by Sheri L. Van Duyn
The ABCs of Zion~
Although things are not perfect
The summer of 2003 started out relaxing, but events suddenly changed. Three weeks before school was to start, I received an Email saying that my high school where I teach Art was going to make the move and start at our new location. The fast track for remodeling was on target, plus our old school was going to be rented out by a Charter school who was anxious to get settled and wanted occupancy of the first floor-guess where my old classroom was? Yes, indeed the first floor! Everything needed to be boxed up for the move. Of course our family had planned one more boating weekend to head up north, but was cut short after this Email.
Packing and loading up boxes in over 80-90° heat was a job that my sister Kathy assisted me in each morning for a week along with other family members and friends who "adopted" me. We packed up over 150 boxes of art supplies in every medium that I teach. With everything loaded up on the semis, now was the waiting game for inspection to move into our new school.
Then my family gathered for my Dads birthday. Usually a fun celebration with all the cousins coming, our joy turned to concern as my Dad found out one day before his 69th birthday that he had prostate cancer. His was the fast growing kind, very aggressive and already outside the wall. All this jargon seemed to be so foreign to me. I rode with my Dad, Mom, and sister the following week to the other side of the state for a second opinion with a cancer specialist. Time was of the essence and decisions needed to be made. After this trip and more information, we were more confused. The two Doctors had different ways to proceed. This can be nerve wrecking at best as they are the authority of treatment. After more testing and consultations, my Dad decided on no surgery and to go with radiation treatments. His time slot was 10:15 a.m. Monday-Friday with 42 treatments. Family members took turns riding or driving him to the cancer center 25 minutes away.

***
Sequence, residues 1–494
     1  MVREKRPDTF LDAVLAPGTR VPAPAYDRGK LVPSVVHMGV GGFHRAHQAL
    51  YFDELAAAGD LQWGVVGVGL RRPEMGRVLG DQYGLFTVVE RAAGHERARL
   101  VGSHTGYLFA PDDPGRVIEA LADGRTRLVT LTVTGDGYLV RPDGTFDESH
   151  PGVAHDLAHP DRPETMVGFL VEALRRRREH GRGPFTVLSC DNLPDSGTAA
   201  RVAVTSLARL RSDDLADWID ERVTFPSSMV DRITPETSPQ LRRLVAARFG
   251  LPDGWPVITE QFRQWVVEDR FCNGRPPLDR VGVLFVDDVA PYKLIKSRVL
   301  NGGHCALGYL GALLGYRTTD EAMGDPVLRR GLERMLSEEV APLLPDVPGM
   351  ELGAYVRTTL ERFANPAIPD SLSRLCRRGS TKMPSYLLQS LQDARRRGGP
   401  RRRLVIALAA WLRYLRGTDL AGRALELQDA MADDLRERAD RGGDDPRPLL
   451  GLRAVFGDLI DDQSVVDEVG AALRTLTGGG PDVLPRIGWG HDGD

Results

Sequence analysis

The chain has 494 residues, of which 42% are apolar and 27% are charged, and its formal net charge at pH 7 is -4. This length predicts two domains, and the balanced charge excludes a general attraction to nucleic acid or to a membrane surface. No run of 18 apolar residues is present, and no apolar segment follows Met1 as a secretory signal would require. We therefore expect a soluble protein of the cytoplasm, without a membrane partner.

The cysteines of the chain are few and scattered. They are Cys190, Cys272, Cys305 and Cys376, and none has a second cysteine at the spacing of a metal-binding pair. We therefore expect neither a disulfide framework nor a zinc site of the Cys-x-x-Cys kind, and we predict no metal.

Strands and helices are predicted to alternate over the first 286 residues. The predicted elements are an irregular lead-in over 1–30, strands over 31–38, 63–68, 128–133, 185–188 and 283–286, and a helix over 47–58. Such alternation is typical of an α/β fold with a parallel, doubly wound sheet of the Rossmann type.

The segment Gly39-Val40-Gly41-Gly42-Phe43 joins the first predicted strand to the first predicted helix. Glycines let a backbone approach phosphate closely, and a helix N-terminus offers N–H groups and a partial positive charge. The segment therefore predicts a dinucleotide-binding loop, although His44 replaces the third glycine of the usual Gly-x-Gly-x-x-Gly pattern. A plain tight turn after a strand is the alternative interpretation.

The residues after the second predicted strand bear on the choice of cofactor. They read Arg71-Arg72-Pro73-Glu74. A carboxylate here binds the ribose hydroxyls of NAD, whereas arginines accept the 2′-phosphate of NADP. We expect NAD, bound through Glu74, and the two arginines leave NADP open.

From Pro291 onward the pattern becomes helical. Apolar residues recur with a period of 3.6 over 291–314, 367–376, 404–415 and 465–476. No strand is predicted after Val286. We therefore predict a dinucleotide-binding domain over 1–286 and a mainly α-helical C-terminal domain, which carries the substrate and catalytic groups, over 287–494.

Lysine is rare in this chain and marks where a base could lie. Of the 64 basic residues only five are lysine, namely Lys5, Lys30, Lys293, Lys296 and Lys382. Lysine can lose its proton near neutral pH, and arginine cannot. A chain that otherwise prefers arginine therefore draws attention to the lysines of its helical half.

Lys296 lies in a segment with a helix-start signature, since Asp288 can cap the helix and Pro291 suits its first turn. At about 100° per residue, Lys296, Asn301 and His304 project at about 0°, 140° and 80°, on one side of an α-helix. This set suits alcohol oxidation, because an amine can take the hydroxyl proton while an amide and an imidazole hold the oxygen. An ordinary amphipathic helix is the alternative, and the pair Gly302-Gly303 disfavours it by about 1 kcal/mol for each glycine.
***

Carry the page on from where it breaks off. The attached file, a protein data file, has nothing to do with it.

Dad finished his last radiation treatment one day before open hunting day. So relieved and happy to be done, but tired from treatments he headed 45 minutes north to his hunting cabin and 200 acre get away. There were 9 who went to deer camp. Mom sent plenty of food and there was love and support for Dad who was excited about having all these family members ready to hunt. Time will now tell how successful his treatments have been.
The school move has been accomplished. Inspection passed and we were able to take temporary occupancy. Moving in the 4 days after Labor Day, each class of students came to school in the morning and unloaded 2 semis per day. This gave them ownership and helped us unpack and settle into our new classrooms. Every afternoon I continued to put away supplies as they found their way to all the new shelves and storage space. Thankfully my boxes arrived each day and I had a majority of materials put away before more boxes were delivered. At night I would leave notes for volunteers to break down boxes or wipe down material. I was so thankful for all the help and went home each day exhausted. Being so preoccupied with this move was probably the best medicine for me as my thoughts about my Dad kept flooding in my mind. I have been quite emotional lately about the move as I never dreamed that my classroom would be so wonderful; plus that fact that this was happening to my Dad. My Aunt Jerene, my Dads oldest sister and breast cancer survivor sent this ABC poem to me and I wanted to share it with you.
Seems that I had many art boxes to move and also the boxes of a heavy heart wondering all the time what would happen to my Dad. I have really come to peace with all of this. No matter how heavy your load or how burdened your heart is with care, there is One who knows all about it and feels each sorrow you bear. He hears every prayer that you whisper and His answers will come from above, just trust in His unfailing mercy and find peace in His wonderful love.
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